It seems that the MSM is reporting almost daily the tragedy of alleged sexual abuse perpetrated by Catholic priests.
Yet, little is said, except episodically, about the horror going on in U.S. Public Schools.
Just since 2007, no fewer than 2,200 separate sexual abuse cases have been filed against U. S. public school employees. This number takes into
account the relatively minuscule number of cases dismissed outright, dismissed under plea agreement or changed to other charges upon conviction.
This information is only informally collected since the FBI is not involved in these cases and they are not centrally collected elsewhere.
One source has attempted to document allegations, charges and dismissals, but there is no formal clearinghouse:
This site exists not to glorify bad behavior but rather to shed light upon a serious problem and one which appears to be getting worse with each
passing month and year.
In viewing the various pages which will comprise this site our readers are urged to always keep in mind that accusations are not proof of misconduct.
Anyone can accuse another of practically any misconduct imaginable. This does not make it so unless and until the accusations are proven in a court of
Everyone is entitled to a presumption of innocence regardless of that for which they stand accused. Please keep this in mind.
Given the blaring headlines, multi-million dollar settlements and calls for resignations and firings, including that of the Pope himself, this is
nothing less than a conspiracy of silence!
Regarding public school systems across the country, there are no comprehensive figures for educators who have abused students, said Charol Shakeshaft,
who is preparing a national report on child sex abuse by educators in public schools for the U.S. Department of Education. The report is mandated by
A national survey of 2,064 students in 2000 showed that 9.6 percent of public school students from kindergarten through 11th grade reported unwanted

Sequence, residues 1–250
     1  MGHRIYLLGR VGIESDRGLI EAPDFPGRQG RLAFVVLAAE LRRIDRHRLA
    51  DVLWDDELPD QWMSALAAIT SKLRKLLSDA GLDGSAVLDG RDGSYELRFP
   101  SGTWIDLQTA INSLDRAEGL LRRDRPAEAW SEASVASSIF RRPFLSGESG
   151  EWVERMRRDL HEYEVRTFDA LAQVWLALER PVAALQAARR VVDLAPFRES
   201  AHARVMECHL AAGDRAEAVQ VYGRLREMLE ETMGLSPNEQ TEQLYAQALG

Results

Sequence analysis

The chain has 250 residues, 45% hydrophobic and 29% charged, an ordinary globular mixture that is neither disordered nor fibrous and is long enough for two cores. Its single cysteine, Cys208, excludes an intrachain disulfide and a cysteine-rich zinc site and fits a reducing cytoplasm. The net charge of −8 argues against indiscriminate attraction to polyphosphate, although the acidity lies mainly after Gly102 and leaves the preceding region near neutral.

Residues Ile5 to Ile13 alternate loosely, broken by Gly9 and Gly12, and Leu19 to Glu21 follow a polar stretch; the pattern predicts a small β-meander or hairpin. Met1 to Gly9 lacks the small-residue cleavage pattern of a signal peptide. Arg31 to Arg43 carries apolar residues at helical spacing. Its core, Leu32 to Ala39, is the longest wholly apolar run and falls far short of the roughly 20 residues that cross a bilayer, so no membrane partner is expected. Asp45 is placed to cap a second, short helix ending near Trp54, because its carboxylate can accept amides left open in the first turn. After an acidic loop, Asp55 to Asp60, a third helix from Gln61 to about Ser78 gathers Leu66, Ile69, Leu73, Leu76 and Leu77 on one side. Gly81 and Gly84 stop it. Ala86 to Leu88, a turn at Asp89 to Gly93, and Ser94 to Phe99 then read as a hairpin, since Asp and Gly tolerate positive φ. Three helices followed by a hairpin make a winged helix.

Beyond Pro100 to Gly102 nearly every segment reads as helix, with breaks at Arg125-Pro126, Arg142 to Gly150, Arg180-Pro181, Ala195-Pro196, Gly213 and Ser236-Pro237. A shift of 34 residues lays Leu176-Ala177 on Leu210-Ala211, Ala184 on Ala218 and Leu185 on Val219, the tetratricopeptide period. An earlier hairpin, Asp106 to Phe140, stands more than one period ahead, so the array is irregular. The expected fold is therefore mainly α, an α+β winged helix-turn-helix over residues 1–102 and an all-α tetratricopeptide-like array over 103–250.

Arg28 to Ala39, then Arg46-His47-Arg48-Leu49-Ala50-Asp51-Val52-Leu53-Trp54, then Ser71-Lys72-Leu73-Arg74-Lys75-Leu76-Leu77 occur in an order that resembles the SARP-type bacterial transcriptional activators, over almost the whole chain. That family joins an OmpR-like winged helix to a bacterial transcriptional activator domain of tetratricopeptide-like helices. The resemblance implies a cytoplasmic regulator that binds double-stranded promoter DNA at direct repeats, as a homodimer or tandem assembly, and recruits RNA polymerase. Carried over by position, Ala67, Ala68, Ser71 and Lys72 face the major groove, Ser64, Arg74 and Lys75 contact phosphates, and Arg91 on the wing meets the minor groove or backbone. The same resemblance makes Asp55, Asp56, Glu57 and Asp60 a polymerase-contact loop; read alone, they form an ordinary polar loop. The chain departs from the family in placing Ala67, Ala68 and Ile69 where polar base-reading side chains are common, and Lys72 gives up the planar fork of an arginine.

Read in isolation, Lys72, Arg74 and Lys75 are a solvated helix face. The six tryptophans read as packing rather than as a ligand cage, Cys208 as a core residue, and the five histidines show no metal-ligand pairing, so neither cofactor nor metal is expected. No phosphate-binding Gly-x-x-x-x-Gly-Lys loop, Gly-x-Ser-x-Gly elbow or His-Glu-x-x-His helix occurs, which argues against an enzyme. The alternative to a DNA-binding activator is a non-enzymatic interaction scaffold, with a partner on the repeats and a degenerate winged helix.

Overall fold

sexual harassment or abuse by public school employees, mostly educators, said Shakeshaft, professor of educational policies at Hofstra University in
The survey, done by the American Association of University Women, listed educators as responsible for 57 percent of the abuse with the rest done by
other employees such as bus drivers and teachers' aides.
(If the survey were projected over the entire public school system, it would mean that 4.5 million students are subject to sexual abuse or harassment
by school employees)
One benefit of President Bush's "No Child Left Behind" was a survey by the US Dept. of Education that reported on sexual abuse in public
Consider the statistics: In accordance with a requirement of President Bush’s No Child Left Behind Act, in 2002 the Department of Education
carried out a study of sexual abuse in the school system.
Hofstra University researcher Charol Shakeshaft looked into the problem, and the first thing that came to her mind when Education Week reported on the
study were the daily headlines about the Catholic Church.
“[T]hink the Catholic Church has a problem?” she said. “The physical sexual abuse of students in schools is likely more than 100 times the abuse
So, in order to better protect children, did media outlets start hounding the worse menace of the school systems, with headlines about a “Nationwide
Teacher Molestation Cover-up” and by asking “Are Ed Schools Producing Pedophiles?”
No, they didn’t. That treatment was reserved for the Catholic Church, while the greater problem in the schools was ignored altogether.
The 2002 Department of Education report estimated that from 6 percent to 10 percent of all students in public schools would be victims of
abuse before graduation — a staggering statistic.
Yet, outside the Catholic Church, the reaction is increasingly accommodation instead of outrage.
The April 17, 2002, issue of USA Today featured an article titled “Sex Between Adults and Children” — a euphemistic way of referring to child
molestation. Under the headline was a ballot-like box suggesting possible opinions one might hold on the subject: “always harmful, usually harmful,
sometimes harmful, rarely harmful.” The newspaper’s answer: “Child’s age and maturity make for gray areas.”
So, where's the outrage?
Where are the statistics?
Where are the MSM coverage and headlines?
[edit on 8-4-2010 by jdub297]